Before her phone call with the president, the governor complained that those requirements “tie our hands.” She said the same to the president and Treasury Secretary Steve Mnuchin on Thursday. They indicated that more relief may be on the way. “I told them that I was not asking for more money,” Noem said. “I just want flexibility.”

According to the governor, Trump and Mnuchin indicated to her “that there was a potential to add some language to a Phase Four bill that would build flexibility into the CARES Act.” Reprogrammed money, she stressed, wouldn’t be used to “bail out pensions” or cover for “bad management in previous years.”

South Dakota was already tightening its belt before the pandemic hit. The state Constitution requires that the governor and legislature balance their budget each year, which has led to a AAA credit rating. The coronavirus now threatens the fiscal health of the state, and Noem warns that the cure from Congress could make matters worse.

“In order for me to access and utilize that money, I would have to potentially create more programs and more bureaucracy to utilize it in different ways,” Noem explained. She told Trump and Mnuchin that “just in my viewpoint this is not the right way to be handling the situation — that we would, in a time of crisis, grow government and grow government programs.”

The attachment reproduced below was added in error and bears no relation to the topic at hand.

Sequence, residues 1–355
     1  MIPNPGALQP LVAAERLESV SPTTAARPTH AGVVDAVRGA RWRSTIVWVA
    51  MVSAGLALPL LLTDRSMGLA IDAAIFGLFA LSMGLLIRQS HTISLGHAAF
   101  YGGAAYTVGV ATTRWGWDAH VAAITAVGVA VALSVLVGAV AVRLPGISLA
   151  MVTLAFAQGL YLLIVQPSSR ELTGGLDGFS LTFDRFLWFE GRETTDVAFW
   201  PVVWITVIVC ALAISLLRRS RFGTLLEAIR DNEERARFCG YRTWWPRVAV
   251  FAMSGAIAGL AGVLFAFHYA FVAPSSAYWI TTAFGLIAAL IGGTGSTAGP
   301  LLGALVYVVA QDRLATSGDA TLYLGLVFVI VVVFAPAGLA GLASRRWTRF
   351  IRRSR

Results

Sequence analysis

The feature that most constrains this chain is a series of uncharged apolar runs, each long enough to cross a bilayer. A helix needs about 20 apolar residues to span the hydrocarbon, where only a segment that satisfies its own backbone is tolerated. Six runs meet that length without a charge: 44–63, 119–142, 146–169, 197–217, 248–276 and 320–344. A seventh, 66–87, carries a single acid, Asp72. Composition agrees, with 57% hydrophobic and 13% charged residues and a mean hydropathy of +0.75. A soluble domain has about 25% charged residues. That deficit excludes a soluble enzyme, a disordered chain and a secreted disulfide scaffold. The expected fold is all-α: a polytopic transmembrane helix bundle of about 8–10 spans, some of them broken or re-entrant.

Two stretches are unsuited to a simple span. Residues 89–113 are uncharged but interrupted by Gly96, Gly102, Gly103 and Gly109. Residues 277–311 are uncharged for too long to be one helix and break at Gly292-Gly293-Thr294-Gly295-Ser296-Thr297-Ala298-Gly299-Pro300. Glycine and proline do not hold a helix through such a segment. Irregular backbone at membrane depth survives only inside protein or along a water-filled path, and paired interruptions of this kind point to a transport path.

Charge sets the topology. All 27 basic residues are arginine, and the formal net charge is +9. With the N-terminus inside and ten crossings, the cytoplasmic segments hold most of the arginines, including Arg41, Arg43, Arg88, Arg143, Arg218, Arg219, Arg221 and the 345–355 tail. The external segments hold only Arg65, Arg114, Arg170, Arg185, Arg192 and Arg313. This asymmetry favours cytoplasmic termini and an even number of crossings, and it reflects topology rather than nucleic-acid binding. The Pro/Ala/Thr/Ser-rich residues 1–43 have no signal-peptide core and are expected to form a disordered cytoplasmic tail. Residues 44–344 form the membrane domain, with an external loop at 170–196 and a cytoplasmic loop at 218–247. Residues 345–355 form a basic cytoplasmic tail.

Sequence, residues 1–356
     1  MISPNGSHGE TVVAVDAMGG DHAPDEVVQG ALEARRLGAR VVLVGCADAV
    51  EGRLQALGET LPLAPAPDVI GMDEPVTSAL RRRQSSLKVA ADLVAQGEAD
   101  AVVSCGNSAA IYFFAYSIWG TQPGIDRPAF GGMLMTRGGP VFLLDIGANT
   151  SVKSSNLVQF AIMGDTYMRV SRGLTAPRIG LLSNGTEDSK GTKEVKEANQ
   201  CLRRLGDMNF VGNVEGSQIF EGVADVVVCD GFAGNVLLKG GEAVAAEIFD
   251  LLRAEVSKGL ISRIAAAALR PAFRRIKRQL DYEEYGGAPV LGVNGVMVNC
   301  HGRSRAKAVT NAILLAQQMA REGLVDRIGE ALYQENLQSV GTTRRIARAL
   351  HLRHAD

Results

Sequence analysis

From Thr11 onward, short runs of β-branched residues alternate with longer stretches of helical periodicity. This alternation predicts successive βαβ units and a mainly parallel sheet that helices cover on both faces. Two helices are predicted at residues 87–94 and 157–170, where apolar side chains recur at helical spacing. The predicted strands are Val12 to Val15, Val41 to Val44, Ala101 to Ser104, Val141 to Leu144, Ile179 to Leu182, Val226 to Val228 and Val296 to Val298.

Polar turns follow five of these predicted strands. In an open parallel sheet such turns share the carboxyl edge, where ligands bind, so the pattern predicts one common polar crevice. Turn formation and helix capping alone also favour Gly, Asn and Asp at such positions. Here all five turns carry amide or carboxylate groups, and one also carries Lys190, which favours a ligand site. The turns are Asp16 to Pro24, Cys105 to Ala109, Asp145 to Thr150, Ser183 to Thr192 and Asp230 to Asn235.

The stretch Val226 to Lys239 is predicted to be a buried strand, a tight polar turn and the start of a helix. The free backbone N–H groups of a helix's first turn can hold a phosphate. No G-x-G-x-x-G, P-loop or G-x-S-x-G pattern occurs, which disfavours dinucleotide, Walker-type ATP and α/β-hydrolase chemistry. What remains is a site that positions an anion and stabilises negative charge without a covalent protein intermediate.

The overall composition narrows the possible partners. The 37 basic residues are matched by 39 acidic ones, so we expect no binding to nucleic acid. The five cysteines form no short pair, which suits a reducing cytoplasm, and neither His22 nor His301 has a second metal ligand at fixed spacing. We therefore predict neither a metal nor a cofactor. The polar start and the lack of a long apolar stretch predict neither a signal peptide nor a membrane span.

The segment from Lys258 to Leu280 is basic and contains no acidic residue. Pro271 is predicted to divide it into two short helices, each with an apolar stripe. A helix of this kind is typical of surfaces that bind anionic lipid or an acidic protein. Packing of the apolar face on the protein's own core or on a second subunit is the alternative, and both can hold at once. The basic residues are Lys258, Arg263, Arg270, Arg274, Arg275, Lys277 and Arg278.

Those restrictions have foisted an ugly accounting exercise on South Dakota, one Noem doesn’t want to finish. A large share of state funds was earmarked already for nursing homes and community health before the pandemic. If the White House and Congress don’t hammer out a new deal, she warned, “that is what I'm looking at cutting while they would force me to create other programs.”